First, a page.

Feb. 27-March 1, 2012
Santa Fe, New Mexico

WORKSHOPS & COURSES

The Interagency Fuels Treatment Decision Support System (IFTDSS) Introduction and Demonstration

Monday, February 27: Morning (8 a.m.-noon)

Workshop Instructors: H. Michael Rauscher (Joint Fire Science Technical Lead, IFTDSS Development Project) and Stacy Drury (Fire Ecologist, Sonoma Technology Inc., IFTDSS Development Project)

The Interagency Fuels Treatment Decision Support System (IFTDSS) is a web-based, software integration framework that manages pre-existing and newly developed software base models and their associated data to analyze and support decisions about fuels management to mitigate wildfire risk.

In 2006, the Joint Fire Science Program Governing Board concluded that one of the most pressing problems in the field of fire and fuels management from an interagency perspective is the confusion and uncertainty around existing software systems.  Managers responsible for implementing fire and fuels programs face an assortment of unconnected software tools in various stages of development with little guidance concerning the strengths and weaknesses of the various systems, and no framework for integration and fusion of data and outputs from these systems.  In March 2007, the Joint Fire Science Program authorized a research program to develop a first generation software integration framework to assist the user.  This process led to the creation of the Interagency Fuels Treatment Decision Support System (IFTDSS).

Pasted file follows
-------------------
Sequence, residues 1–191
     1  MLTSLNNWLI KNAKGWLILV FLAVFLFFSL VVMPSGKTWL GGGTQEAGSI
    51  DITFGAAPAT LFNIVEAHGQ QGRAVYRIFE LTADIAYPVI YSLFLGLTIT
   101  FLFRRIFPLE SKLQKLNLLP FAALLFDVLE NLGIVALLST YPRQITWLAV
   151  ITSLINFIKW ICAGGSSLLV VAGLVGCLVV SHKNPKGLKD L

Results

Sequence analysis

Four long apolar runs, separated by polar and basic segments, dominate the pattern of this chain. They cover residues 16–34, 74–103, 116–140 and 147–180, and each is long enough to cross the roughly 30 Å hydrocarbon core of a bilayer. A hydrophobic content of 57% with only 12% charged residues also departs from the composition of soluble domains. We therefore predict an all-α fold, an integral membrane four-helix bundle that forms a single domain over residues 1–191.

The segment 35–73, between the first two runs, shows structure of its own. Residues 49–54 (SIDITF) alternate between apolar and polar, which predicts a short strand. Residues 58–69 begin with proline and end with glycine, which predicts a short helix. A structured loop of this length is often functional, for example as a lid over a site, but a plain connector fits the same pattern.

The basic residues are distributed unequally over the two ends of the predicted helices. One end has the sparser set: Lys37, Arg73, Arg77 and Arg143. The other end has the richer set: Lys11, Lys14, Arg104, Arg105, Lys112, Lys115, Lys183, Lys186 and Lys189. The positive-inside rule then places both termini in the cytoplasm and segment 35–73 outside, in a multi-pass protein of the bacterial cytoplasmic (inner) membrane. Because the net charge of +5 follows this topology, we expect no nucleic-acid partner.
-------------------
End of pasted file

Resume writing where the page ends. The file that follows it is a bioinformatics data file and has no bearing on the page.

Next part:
Extensive field user input over the last 3 years resulted in the identification of five workflow processes: (1) Prescribed Burn Planning and Plan Development; (2) Wildfire Hazard Analysis across a landscape of interest; (3) Landscape Wildfire Risk Assessment for Current Conditions; (4) Landscape Risk Assessment for Simulated and Treated Future Landscape Conditions; and (5) Assessing Fuels Treatment Effectiveness over Time.  IFTDSS version 1.1 contains workflows 1, 2, and 3 described above. 

The objectives of this workshop are to introduce the IFTDSS software by demonstrating the various workflows to perform common tasks facing fuels management professionals.  Workflow Processes 1, 2 and 3 will be highlighted during this workshop.

Attendees to the IFTDSS workshop are encouraged to bring their own laptop computers so that as many attendees as possible will get hands-on experience using IFTDSS. 

Monitoring Trends in Burn Severity (MTBS):
Assessing Fires in the Southwestern US

Monday, February 27: Morning (8 a.m.-noon)

THIS WORKSHOP IS FULL.

Workshop Instructors: Steve Howard (U.S. Geological Survey Earth Resources Observation and Science Center), Josh Picotte (U.S. Geological Survey Earth Resources Observation and Science Center), Brad Quayle (USDA Forest Service Remote Sensing Applications Center), and Eric Gdula (National Park Service, Grand Canyon NP)